Rau rangatira mā, e kui mā, e koro mā, e huihui nei, tēnei aku mihi māhana ki a koutou. Nau mai, haere mai ra ki Te Whare Kawana o Te Whanganui-a-Tara. Distinguished guests, ladies and gentlemen, warm greetings to you all, and welcome to Government House.
I want to specifically acknowledge: Hon Nikki Kaye, Minister of the Crown; Andrew Meehan, Chair of the Duke of Edinburgh’s Hillary Award programme; Peter Hillary; and the wives of three of my predecessors: Lady Norma Beattie, Lady Beverly Reeves and Lady Susan Satyanand – tēnā koutou katoa.
It’s a great pleasure for Janine and me to welcome you all to Government House for this dinner to celebrate the 50th anniversary of the Duke of Edinburgh’s Award programme in New Zealand.
It seems to be the season for celebrations and anniversaries. Of course the biggest celebration has been the birth of George, the Prince of Cambridge! And, over the last two months we have marked the Diamond Jubilee of the Coronation of Her Majesty Queen Elizabeth II; and the summiting of Mt Everest by Sir Edmund Hillary and Tenzing Norgay.
These events and anniversaries have several linkages with our gathering here tonight. The first is that all entailed celebration. Secondly, the ascent of Everest not only put the spotlight on Hillary and Tenzing, but also the leader of the British expedition, Colonel John Hunt, who along with Hillary was knighted by the new Queen. On retiring from the British Army in 1956, Sir John was shoulder tapped by Prince Phillip to become the first Director of the new Duke of Edinburgh’s Award programme, a position he held for 10 years.
The Award Programme was particularly attractive to young people who didn’t want to join an organisation or wear a uniform, and it quickly spread around the world. And so to the third connection; it was here at Government House in Wellington, in 1963, that my predecessor Sir Bernard Fergusson hosted the inaugural National Council meeting of the Duke of Edinburgh’s Award Programme in New Zealand.
There are several factors that would have prompted Fergusson to promote the Award scheme in New Zealand. As a former senior officer in the British Army, a fellow graduate of Sandhurst Military Academy and Second World War veteran, Fergusson would almost certainly have approved of the work Hunt had been doing with the Award programme.
There was also Fergusson’s connection with New Zealand. With the possible exception of Sir Bernard Freyberg, Fergusson knew New Zealand better than any other Governor-General before him. Fergusson’s father and both grandfathers had been Governors or Governors-General of New Zealand, so much so that he once quipped that it was “the family racket.” It was also helped given that he had lived here in the 1920s, was fluent in te reo Māori and had a great sense of humour that resonated with New Zealanders. That affinity with New Zealanders and his “old-world” connections meant that Fergusson probably saw a natural fit with the Programme’s focus on young people setting and achieving personal challenges.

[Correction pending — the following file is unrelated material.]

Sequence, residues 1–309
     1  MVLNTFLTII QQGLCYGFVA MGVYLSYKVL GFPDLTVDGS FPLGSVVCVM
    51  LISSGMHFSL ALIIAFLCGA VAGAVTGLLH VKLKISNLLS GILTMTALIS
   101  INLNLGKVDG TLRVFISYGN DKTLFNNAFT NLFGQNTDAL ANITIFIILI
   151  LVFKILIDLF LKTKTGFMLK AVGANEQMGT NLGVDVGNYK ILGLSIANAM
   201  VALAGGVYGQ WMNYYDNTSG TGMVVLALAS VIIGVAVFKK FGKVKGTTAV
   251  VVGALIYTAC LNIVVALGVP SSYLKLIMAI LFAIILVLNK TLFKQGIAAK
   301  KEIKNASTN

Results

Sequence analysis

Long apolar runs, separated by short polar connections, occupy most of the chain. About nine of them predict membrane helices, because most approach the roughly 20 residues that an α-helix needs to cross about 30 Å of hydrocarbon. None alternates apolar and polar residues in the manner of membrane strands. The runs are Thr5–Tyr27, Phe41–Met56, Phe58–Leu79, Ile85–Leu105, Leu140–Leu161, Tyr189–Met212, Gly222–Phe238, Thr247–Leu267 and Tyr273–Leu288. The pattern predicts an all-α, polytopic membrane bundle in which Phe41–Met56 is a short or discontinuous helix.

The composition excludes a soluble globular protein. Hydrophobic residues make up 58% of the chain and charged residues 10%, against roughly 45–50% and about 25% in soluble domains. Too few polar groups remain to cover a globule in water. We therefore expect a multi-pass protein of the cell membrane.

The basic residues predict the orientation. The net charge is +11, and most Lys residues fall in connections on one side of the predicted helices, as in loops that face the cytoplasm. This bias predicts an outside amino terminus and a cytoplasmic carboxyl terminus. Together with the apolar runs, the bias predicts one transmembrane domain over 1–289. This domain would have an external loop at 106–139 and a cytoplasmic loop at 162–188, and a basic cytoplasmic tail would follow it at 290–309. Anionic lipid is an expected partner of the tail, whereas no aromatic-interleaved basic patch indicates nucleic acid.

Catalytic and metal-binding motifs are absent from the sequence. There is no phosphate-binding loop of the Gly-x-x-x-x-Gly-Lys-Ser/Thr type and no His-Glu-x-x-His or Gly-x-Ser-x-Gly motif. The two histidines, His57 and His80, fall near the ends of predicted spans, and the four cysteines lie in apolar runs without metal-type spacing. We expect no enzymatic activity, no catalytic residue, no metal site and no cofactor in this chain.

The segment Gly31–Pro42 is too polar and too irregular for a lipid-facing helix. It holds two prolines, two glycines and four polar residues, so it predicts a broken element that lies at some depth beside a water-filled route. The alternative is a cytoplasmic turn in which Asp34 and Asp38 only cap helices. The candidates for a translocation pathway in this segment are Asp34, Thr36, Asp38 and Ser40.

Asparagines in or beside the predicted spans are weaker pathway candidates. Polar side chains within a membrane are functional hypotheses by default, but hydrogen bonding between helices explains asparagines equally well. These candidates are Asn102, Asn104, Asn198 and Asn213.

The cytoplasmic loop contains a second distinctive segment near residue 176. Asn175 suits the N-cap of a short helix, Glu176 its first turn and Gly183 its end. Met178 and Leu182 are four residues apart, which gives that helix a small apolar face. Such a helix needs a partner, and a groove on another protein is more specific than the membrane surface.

As the Duke of Edinburgh has said; “One of the perpetual problems about human life is that young people of every generation have to discover for themselves what life is all about.” The programme’s emphasis on voluntary community service, advancing skills, physical exercise and undertaking an adventurous journey was something Fergusson knew young Kiwis would be keen to participate in. That the Programme has not only survived but prospered reflects its flexibility in adapting to changing times, the universality of its fundamental values and young people discovering what life is about.
I host ceremonies here at Government House, and elsewhere in New Zealand, where I present Duke of Edinburgh Hillary Gold Awards to young New Zealanders who have successfully completed this most difficult of challenges. I’m continually impressed by the calibre of the young men and women who complete the Gold Award, and their commitment to excellence - being the best they can be – and leadership.
This brings me to the fourth and final connection. It was in this room in 1999 that my predecessor Sir Michael Hardie Boys hosted a dinner to mark the 80th birthday of Sir Edmund Hillary and the publication of his memoir, View from the Summit. Sir Michael made a telling comment about Sir Ed’s qualities when he said: “Most heroes die young, or just fade away; but not this one. And it’s this enduring quality about Ed Hillary, the continuing triumph of his life that has carved for him an indelible place in the annals of our nation.”
Nine years later Sir Edmund sadly passed away and it was fitting that the following year, in 2009, Sir Anand Satyanand, announced that henceforth the Duke of Edinburgh’s Award scheme in New Zealand would be known as the Duke of Edinburgh’s Hillary Award. The association with the Hillary name brings with it a special quality for those who complete the programme in New Zealand – gold, silver and bronze.
Ed Hillary was a modern hero. It’s true he loved adventure; he thrived on it. However, that’s not what made him a hero. It was, as one author put it, the heroism of example, of debts repaid and causes sustained, that made him inspirational, and a role model for the young people completing the programme.
In conclusion, I congratulate the Duke of Edinburgh’s Hillary Award Programme for reaching this significant milestone, and setting thousands of young New Zealanders great and life-changing challenges. As Governor-General and President of the National Council it has been both a privilege and an honour to be associated with the programme. Congratulations again and I wish the Duke of Edinburgh Hillary Awards programme all the best for the next 50 years and beyond.
Kia ora huihui tātou katoa.